It’s time for ‘Japan by Prefecture‘ again! This is the series that aims to provide the highlights of each prefecture of Japan, along with my personal favourites and suggestions from readers. This week, we’re looking at Kyoto (京都府).
Kyoto Prefecture is part of the Kansai Region (関西地方) and the capital is, of course, Kyoto (京都市). A big thank you to Zooming Japan, Sengoku Sophie, and Japan Australia for contributing ideas to this week’s post. As with when I wrote about Tokyo, I’ve decided to focus this week on things worth seeing around Kyoto Prefecture rather than the obvious and incredibly famous sights in Kyoto City itself. Everyone knows Kyoto – it’s full of temples and shrines, such as the Golden Pavilion (Kinkakuji /金閣寺) and Kiyomizu-dera (清水寺) – and whilst these are fantastic places to visit, let’s see what else is on offer.
Arashiyama (嵐山), whilst being not far from central Kyoto on the Western outskirts of the city, is a world away. I’ll tell you a secret – the very first time I visited Kyoto back in 2006 I was a little disappointed. I arrived expecting olde-worlde Japan and instead found a massive, modern station, concrete buildings and pachinko parlours. However, the first time I visited Arashiyama I found the Kyoto I was in fact looking for!
Rickshaws passed by, buildings were old and wooden looking (if not actually wooden), and everything seemed to have a hint of green tea about it. Arashiyama is one of my favourite places in all of Japan actually, and I don’t think I could ever tire of it. The bamboo groves alone are enough to keep me coming back.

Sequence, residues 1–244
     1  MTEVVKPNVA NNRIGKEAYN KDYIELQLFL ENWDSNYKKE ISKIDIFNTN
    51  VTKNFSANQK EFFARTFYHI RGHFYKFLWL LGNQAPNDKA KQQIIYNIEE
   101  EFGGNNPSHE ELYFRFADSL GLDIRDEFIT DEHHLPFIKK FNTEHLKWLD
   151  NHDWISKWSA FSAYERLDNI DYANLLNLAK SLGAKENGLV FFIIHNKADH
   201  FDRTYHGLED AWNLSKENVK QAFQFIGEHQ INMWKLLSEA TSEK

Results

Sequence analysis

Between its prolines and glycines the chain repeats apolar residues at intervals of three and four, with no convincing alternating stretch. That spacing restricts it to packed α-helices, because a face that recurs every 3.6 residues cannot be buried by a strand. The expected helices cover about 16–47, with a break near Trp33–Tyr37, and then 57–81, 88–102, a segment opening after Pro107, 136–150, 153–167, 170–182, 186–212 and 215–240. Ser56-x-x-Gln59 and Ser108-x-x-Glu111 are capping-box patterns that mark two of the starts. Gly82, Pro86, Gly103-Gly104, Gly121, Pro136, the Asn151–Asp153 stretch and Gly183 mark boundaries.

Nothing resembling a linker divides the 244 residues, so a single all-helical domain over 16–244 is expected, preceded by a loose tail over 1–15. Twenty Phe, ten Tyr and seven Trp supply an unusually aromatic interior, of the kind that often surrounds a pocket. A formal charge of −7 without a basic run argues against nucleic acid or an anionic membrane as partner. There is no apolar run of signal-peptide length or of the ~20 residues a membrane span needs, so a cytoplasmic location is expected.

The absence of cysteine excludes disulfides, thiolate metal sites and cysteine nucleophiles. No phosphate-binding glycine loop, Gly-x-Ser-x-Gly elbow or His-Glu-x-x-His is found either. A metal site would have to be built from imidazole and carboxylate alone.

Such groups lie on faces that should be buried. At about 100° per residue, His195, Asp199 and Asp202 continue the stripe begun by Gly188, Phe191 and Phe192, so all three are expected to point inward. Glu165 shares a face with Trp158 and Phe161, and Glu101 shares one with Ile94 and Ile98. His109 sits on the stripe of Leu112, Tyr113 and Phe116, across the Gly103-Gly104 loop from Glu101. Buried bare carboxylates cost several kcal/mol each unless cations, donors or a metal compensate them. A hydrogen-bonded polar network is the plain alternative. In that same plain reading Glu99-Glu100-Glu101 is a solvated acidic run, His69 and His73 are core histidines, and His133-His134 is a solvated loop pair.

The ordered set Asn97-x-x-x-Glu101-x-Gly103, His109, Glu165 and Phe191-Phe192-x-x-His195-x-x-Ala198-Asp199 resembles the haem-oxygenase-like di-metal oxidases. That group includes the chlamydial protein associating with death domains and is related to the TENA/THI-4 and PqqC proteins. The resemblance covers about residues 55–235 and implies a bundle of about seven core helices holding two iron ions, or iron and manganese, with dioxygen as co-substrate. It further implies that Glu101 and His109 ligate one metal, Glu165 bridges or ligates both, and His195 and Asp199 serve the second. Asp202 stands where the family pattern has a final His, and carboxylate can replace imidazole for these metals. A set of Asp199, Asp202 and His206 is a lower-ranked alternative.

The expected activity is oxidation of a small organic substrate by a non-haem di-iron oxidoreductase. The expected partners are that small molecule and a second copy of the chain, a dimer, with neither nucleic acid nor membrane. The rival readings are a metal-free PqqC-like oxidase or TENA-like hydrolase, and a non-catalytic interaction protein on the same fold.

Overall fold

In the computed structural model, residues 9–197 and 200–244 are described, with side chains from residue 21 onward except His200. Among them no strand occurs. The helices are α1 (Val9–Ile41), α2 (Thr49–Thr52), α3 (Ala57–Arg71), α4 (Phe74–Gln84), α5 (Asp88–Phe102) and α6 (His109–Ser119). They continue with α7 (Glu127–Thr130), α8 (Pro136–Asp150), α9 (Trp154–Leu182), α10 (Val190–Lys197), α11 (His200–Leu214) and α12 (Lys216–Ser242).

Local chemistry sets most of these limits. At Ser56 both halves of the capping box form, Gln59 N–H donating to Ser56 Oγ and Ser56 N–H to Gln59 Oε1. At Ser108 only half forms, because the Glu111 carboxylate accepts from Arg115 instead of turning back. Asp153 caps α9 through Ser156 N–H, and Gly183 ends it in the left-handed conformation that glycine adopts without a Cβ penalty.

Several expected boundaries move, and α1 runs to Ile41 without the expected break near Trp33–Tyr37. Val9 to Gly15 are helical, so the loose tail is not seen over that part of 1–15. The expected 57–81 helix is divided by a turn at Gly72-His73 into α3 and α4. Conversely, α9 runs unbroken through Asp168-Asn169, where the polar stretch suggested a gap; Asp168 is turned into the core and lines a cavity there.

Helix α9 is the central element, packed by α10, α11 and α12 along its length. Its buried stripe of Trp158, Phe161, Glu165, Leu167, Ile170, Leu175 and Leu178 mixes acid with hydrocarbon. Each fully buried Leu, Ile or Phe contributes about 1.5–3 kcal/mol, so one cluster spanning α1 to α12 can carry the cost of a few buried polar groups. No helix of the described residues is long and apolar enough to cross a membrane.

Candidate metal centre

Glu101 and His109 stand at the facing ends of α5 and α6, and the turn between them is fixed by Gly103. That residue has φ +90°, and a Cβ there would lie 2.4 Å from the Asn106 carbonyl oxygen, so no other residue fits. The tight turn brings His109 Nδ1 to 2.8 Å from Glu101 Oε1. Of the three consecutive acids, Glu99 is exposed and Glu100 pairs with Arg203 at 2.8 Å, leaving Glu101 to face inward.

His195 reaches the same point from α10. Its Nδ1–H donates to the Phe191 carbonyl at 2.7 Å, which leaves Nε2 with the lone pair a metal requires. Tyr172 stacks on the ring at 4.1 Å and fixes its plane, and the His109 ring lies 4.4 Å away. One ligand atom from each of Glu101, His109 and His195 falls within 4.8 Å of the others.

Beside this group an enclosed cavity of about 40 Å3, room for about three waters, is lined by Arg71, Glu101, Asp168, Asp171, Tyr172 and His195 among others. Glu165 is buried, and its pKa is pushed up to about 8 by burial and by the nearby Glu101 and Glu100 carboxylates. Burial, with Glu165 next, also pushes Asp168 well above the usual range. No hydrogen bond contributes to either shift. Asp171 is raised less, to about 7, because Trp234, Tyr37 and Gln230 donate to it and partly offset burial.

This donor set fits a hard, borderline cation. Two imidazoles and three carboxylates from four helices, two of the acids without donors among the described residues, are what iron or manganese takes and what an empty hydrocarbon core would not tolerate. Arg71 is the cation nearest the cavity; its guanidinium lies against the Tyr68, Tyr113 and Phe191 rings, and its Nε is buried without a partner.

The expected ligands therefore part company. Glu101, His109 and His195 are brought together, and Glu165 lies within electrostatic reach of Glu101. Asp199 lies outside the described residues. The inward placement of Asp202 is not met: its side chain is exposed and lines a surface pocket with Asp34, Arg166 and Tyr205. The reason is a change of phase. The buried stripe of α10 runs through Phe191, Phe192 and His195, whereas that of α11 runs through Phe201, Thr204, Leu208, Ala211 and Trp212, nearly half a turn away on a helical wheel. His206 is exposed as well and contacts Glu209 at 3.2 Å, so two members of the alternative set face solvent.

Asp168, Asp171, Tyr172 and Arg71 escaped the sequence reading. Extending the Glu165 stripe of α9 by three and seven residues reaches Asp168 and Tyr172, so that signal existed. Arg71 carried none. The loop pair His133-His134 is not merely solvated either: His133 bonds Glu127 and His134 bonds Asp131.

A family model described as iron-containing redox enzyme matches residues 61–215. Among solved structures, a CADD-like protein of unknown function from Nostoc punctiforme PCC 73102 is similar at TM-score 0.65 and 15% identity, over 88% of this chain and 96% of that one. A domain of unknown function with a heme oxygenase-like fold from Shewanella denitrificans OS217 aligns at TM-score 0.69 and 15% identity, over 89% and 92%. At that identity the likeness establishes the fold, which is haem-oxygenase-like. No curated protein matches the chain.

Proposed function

One of Arashiyama’s main attractions is the Togetsukyo Bridge (渡月橋) (meaning ‘Moon Crossing Bridge’), which also acts as a useful central landmark. The bridge, originally built during the Heian Period (794 – 1185) crosses over the Hozu River and Katsura River (the name of the river actually changes either side of the bridge).
There are lots of temples to visit in the Arashiyama area, and lots of beautiful scenery to see too. This area is particularly popular in spring and autumn, when crowds flock to see the cherry blossom and coloured leaves. Incidentally, the name ‘Arashiyama’ (meaning ‘Storm Mountain’) actually refers to the mountains on the southern bank of the river, whereas Sagano is actually the name of the main area. However, the whole area is commonly known as Arashiyama now.
Uji (宇治), a city in the southern outskirts of the city of Kyoto, is somewhere that is firmly on my list of places to visit. Famous for its tea production, Uji is also the home of Byodoin (平等院) – the temple featured on the back of the 10 yen coin. This temple is an example of Buddhist Pure Land (Jodo) architecture.
There are other temples and shrines of note in the Uji area, but Byodoin is by far the most famous. As I mentioned, Uji is also famous for tea – this is the place to go for decent green tea in Kyoto Prefecture. and an array of green tea sweets and souvenirs are available here too. Naturally, there is even an Uji Matcha Kit Kat available, and it’s really good!